Applicants should review the individual HRSA Guidance documents issued under this CFDA program for any required proof or certifications which must be submitted prior to or simultaneous with submission of an application package.
Aplication and Award Process
This program is excluded from coverage under E.O.
Grant applications and required forms for this program can be obtained from Grants.gov. Please visit the Grants.gov Web site at www.grants.gov to both find and apply for all Federal grant opportunities. All qualified applications will be forwarded to an objective review committee which will make funding recommendations to the Associate Administrator for the Bureau of Health Professions. The Associate Administrator has the authority to make final selections for awards.
When Federal Capital Contribution funds are available for re-distribution, a Notice of Award is sent to the School's Contact Person notifying the school of the amount of Federal funds allocated for loans prior to the beginning of the academic year in which the award is to be utilized. Students are then notified by the school's financial aid office of approval or disapproval of loans at times determined by schools.
Public Health Service Act, Title VII, Part C, Section 721-735, 42 U.S.C. 292q-292y; Health Professions Education Partnerships Act of 1998, Public Law 105-392.
Range of Approval/Disapproval Time
Approximately 2 months.
Applications are required only for new schools.
Formula and Matching Requirements
Allotment of funds is based on statutory formula which takes into account the ratio each school's enrollment bears to the enrollments of all schools making application for funds but never in excess of request of school. Under the Federal Capital Contribution method, a school must match Federal Capital Contribution with an amount equal to one-ninth of the funds drawn down.
Length and Time Phasing of Assistance
The time required by a student to complete the necessary course of study leading to a degree and subject to the availability of funds.
Post Assistance Requirements
"Annual Operating Report" through electronic submission at http://bhpr.hrsa.gov/dsa.
In accordance with the provisions of OMB Circular No. A-133 (Revised, June 27, 2003), "Audits of States, Local Governments, and Nonprofit Organizations," nonfederal entities that expend financial assistance of $500,000 or more in Federal awards will have a single or a program-specific audit conducted for that year. Nonfederal entities that expend less than $500,000 a year in Federal awards are exempt from Federal audit requirements for that year, except as noted in Circular No. A-133.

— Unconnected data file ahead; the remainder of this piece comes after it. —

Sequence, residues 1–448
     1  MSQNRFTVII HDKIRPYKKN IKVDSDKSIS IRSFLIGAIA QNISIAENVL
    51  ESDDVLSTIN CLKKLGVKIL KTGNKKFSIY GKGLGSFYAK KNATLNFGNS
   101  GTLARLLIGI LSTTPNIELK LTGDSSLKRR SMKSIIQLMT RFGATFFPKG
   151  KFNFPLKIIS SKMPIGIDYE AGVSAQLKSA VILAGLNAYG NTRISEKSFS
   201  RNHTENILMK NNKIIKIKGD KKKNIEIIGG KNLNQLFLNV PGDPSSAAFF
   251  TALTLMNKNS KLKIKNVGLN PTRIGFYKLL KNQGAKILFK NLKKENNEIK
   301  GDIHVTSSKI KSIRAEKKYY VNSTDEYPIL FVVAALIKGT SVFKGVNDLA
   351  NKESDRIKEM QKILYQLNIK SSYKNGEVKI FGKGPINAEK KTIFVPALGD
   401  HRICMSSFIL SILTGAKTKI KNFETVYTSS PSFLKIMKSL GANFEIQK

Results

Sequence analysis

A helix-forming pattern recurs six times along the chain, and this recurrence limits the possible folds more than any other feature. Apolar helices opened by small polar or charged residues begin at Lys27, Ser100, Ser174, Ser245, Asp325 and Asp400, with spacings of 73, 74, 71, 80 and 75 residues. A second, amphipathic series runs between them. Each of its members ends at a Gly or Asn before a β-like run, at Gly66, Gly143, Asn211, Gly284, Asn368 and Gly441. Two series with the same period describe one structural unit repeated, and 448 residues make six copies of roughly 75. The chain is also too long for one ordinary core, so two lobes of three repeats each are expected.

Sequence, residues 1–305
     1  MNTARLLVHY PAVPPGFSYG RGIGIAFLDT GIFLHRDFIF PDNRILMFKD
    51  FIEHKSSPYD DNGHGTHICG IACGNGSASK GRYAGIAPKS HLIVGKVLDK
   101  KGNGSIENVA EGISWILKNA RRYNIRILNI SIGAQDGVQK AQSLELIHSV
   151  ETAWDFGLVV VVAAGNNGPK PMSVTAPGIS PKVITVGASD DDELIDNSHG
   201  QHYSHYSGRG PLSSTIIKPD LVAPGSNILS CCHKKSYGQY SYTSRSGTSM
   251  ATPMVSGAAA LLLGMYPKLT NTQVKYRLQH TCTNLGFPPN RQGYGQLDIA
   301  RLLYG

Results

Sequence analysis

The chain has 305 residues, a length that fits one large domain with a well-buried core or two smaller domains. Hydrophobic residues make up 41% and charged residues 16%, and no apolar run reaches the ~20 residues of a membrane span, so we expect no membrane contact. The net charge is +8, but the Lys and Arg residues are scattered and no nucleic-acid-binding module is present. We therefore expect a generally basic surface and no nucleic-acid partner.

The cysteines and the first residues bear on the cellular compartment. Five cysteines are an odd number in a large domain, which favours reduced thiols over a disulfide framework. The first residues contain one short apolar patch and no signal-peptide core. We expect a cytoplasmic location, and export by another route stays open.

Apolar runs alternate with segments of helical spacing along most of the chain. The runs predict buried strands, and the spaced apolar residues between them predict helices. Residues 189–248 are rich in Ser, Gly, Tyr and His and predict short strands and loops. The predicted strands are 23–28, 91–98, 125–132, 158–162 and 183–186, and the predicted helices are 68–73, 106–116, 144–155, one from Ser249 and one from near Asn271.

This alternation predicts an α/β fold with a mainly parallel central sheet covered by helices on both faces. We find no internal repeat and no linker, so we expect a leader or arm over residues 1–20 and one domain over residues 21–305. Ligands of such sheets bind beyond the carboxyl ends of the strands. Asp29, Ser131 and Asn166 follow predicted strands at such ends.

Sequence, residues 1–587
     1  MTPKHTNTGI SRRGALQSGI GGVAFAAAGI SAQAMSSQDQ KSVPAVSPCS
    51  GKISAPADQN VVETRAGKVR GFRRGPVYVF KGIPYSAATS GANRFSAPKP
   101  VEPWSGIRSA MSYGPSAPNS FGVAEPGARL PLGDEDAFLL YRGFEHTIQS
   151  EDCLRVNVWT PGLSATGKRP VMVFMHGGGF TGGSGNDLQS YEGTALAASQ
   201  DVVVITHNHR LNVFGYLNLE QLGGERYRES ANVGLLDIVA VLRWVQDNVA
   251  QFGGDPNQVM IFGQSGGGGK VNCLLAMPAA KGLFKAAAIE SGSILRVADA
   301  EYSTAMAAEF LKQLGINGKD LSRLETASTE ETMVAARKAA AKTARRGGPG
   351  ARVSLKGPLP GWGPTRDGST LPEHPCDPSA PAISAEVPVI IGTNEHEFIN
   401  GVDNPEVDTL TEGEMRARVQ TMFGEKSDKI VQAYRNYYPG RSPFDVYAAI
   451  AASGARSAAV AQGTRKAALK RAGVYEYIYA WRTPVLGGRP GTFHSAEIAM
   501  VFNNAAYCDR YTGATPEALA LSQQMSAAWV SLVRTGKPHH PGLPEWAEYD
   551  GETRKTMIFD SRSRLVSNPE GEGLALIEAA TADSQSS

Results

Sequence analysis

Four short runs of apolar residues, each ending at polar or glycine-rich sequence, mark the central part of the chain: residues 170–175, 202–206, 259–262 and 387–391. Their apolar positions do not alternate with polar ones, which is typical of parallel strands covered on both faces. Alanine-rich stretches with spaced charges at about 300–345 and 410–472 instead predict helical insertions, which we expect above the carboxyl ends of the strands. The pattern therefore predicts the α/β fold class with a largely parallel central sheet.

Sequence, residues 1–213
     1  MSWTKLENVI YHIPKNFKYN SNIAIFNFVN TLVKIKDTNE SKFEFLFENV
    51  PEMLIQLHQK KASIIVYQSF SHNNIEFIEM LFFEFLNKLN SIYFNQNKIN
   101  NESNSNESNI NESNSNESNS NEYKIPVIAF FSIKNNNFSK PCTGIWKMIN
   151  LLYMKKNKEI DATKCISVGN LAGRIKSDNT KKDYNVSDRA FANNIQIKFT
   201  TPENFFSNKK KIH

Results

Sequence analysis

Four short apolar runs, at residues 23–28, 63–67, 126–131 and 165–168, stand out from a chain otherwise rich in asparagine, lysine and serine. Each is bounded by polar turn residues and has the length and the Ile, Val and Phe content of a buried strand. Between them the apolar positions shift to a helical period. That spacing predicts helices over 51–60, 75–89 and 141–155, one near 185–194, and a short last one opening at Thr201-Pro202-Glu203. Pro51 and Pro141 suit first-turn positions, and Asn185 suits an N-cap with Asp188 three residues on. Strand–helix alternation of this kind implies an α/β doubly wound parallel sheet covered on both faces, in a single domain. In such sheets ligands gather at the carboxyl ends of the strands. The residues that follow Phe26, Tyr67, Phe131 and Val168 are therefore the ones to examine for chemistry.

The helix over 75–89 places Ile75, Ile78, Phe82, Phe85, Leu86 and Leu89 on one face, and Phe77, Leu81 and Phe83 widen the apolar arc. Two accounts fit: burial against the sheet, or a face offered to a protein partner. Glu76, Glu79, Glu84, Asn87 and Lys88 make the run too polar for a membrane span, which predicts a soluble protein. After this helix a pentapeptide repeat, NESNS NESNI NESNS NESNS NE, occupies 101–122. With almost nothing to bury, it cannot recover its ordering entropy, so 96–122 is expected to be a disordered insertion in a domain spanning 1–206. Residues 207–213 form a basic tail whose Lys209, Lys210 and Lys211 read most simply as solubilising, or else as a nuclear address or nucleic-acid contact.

All records must be maintained until expiration of 3 years from the date of submission of the final expenditure report. If questions remain following the 3-uear period, such as those raised as a result of an audit or an on-going enforcement action, recipients must retain records until the matter is completely resolved.
(Federal Capital Contribution) FY 07 $22,928,940; FY 08 est $13,453,724$; and FY 09 est $25,000,000.
Range and Average of Financial Assistance
$1,122,616 to $3,311 for FY 07; Average: $241,357 per institution (for FY 07)
Regulations, Guidelines, and Literature
This program is subject to the provisions of 45 CFR Part 92 for State, local and tribal governments and 45 CFR Part 74 for institutions of higher education, hospitals, other nonprofit organizations and commercial organizations, as applicable.
Regional or Local Office
Jim Essel, Division of Health Careers Diversity and DevelopmentStudent Loans and Scholarships, Bureau of Health Professions, Health Resources and Services Administration, , Department of Health and Human Services, Parklawn Building, Room 8-429-105, 5600 Fishers Lane, Rockville, MD 20857. Telephone: (301) 443-4776.
Grants Management Office: Rick Goodman, Director, Division of Grants Management Operations, Health Resources and Services Administration, Department of Health and Human Services, 5600 Fishers Lane, Room 11A-16. Health Services Branch: 301-443-2385; Research and Training Branch: 301-443-3099; Government and Special Focus Branch: 301-443-3288.
Criteria for Selecting Proposals
Applications will be reviewed for completeness, accuracy, and to determine if applicant schools meet minimum program requirements.
The Republic of Rwanda has been picked as one of the six African countries as beneficiaries for a new fellowship fund program designed at supporting social entrepreneurs in tackling issues on food security.